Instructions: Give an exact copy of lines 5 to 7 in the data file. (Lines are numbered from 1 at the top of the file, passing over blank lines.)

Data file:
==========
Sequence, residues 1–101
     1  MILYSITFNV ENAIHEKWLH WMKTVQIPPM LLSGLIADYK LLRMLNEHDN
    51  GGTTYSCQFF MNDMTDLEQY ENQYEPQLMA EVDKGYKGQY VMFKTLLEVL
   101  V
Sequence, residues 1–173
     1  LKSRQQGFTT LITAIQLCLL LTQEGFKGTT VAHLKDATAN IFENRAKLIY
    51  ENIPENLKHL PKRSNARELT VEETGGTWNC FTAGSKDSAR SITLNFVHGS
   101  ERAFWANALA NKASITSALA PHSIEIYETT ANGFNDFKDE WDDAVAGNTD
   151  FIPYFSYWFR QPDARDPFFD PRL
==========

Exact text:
Sequence, residues 1–173
     1  LKSRQQGFTT LITAIQLCLL LTQEGFKGTT VAHLKDATAN IFENRAKLIY
    51  ENIPENLKHL PKRSNARELT VEETGGTWNC FTAGSKDSAR SITLNFVHGS